It’s the diagnosis I got yesterday, but I’ve been having the same abdominal pain on and off for about seven years. When it first happened, I was living in Northern California and went to see a doctor who specialized in treating pilots and all things aviation related. He prescribed Prevacid, describing it as a miracle drug. I could only imagine it helped his pilots “hold it” on long flights. It did nothing for me.

Years later, I saw a highly recommended gastroenterologist at Cedar-Sinai. He raved about how, on certain islands, the natives crap five or six times a day, their bodies are loaded with bacteria but they’re FINE. He gave me no tests and sent me on my way.

Every once in a while, I would go on antibiotics for some unrelated reason, and my stomach would clear up. Other than that, I was in some degree of pain. Smoking marijuana would alleviate a lot of the symptoms, but how long could I tolerate the side effects of enhanced creativity and a general sense of well being?

Last week I had what I now realize was an acute attack. Sunday, Bernie finally convinced me to get it checked out. So I drove on over to the Old Actors Home.

The Motion Picture & Television Fund Hospital in Woodland Hills is an amazing place. I can drop in with my Writers Guild card anytime and pay ten dollars to see a doctor (it’s a generous plan and one reason I wasn’t so exited about the recent strike).

My regular doctor wasn’t there yesterday, but I got the guy on call in about ten minutes. He had an odd, somewhat ghoulish bedside manner and an intellectual curiosity I’ve found to be rare in doctors. He asked all the right questions, then shared his suspicions. He said one of the causes of diverticulitis is a childhood diet high on processed foods and low on fiber. Here was my childhood diet:

Cheerios (Rice Krinkles came later)

Hamburgers (cheese came later)

Macaroni and Cheese (preceding the cheese on hamburgers by a good few years)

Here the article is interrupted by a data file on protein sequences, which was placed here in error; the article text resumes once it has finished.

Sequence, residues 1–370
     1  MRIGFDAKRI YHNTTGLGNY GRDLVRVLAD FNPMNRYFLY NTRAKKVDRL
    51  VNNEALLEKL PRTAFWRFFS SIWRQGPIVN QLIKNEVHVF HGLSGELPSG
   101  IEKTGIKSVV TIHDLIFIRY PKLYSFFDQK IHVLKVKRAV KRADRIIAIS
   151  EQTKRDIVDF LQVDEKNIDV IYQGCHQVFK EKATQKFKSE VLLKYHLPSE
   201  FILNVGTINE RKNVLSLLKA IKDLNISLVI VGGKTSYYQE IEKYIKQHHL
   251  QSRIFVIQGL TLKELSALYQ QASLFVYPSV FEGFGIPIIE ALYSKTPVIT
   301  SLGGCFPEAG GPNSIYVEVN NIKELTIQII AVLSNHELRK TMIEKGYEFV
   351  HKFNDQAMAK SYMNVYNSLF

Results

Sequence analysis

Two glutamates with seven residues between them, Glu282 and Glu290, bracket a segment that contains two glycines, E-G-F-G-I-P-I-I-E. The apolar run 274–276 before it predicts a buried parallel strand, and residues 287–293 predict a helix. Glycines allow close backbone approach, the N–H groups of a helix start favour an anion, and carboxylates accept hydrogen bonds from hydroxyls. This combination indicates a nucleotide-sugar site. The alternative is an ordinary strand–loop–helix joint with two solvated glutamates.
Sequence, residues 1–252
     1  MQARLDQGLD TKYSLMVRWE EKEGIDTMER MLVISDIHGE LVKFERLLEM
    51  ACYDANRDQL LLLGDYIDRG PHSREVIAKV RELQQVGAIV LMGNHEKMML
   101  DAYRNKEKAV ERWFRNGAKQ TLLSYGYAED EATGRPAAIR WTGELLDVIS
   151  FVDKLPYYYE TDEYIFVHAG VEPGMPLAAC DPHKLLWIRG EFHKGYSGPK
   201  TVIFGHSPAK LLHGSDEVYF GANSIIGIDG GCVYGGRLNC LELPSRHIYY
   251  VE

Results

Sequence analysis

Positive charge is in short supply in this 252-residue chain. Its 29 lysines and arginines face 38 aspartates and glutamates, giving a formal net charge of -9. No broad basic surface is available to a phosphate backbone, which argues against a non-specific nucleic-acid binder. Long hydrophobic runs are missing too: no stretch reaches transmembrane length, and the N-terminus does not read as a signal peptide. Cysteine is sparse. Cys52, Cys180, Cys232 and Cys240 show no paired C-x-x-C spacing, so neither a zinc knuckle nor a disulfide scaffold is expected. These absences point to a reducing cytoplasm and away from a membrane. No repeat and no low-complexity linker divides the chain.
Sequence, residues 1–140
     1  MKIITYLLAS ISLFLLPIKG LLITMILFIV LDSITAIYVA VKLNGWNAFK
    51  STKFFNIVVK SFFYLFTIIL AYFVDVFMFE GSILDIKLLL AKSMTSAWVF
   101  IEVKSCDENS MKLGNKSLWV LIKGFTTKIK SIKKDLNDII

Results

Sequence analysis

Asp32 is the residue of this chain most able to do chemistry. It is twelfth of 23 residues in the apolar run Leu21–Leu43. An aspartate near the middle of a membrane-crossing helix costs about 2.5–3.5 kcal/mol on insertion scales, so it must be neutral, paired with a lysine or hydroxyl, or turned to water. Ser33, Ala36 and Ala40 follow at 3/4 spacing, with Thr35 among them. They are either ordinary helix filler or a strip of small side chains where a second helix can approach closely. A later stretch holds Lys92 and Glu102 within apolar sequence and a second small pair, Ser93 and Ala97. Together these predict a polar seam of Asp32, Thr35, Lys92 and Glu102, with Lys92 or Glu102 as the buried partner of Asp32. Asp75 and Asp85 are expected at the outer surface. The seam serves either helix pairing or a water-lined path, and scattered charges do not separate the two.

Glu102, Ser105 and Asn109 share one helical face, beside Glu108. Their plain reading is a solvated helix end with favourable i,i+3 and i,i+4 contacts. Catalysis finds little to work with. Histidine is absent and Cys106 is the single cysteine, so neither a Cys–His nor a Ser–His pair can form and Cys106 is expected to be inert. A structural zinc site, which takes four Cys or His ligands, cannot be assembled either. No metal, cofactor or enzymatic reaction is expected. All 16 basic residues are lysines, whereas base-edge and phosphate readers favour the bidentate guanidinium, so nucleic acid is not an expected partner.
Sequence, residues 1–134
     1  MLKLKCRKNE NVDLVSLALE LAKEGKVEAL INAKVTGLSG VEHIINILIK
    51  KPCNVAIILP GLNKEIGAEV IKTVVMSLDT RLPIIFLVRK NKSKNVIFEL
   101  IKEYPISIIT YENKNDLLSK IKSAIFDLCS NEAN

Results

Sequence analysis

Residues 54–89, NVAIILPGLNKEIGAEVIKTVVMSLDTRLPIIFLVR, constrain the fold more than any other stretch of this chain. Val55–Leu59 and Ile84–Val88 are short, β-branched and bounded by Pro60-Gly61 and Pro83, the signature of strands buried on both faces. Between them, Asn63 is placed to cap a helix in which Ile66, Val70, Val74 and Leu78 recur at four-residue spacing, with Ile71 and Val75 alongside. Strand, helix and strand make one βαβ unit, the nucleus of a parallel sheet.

The doctor said the short term treatment is antibiotics. When I told him how antibiotics have helped me in the past, he practically jumped out of his chair with excitement. “Fascinating!” he boomed. He ordered up some tests right away. But then his mood darkened.

In rare cases, surgery is required, he warned, when there’s an abscess that won’t go away. He leaned forward, fully engaged, as if ready to spring–the same position he would soon take to check my prostate. “It’s a messy surgery,” the doctor began eagerly, “as is any operation involving the bowels…”

Down the hall, in radiology, I was completely unprepared for what happened next. It was a CAT scan, preceded by a barium enema, administered by a man who was terrified I was going to shit on the table.

“You’re going to feel like you have to go to the bathroom,” he said, as he blew up a balloon in my ass. “You can’t do it.”

“Are you fucking kidding me?” I said, panicked. “I’m here for my stomach, it’s not good, it’s bad, this is crazy. I can’t make any promises.”

“You can’t do it.”

“Does it happen sometimes? Here on the table?”

“It happens.”

Well, I held it like a pilot on Prevacid. The doctor got the results, and it confirmed his hypothesis. I have diverticulitis (but not the dreaded abscesses). I got the meds from the pharmacy on site, and I was out of the hospital within a couple hours of my arrival. The fact that all this happened on the same day is amazing to me.

A final note: While I was getting my blood taken, I asked the technician about the big new building. Bernie and I had been wondering what it was while it was being built. He said it’s a gym with an indoor pool, for the residents and employees. And it was paid for by Jodie Foster. Has anyone heard anything about this? As far as I know, she hasn’t sought a bit of publicity.

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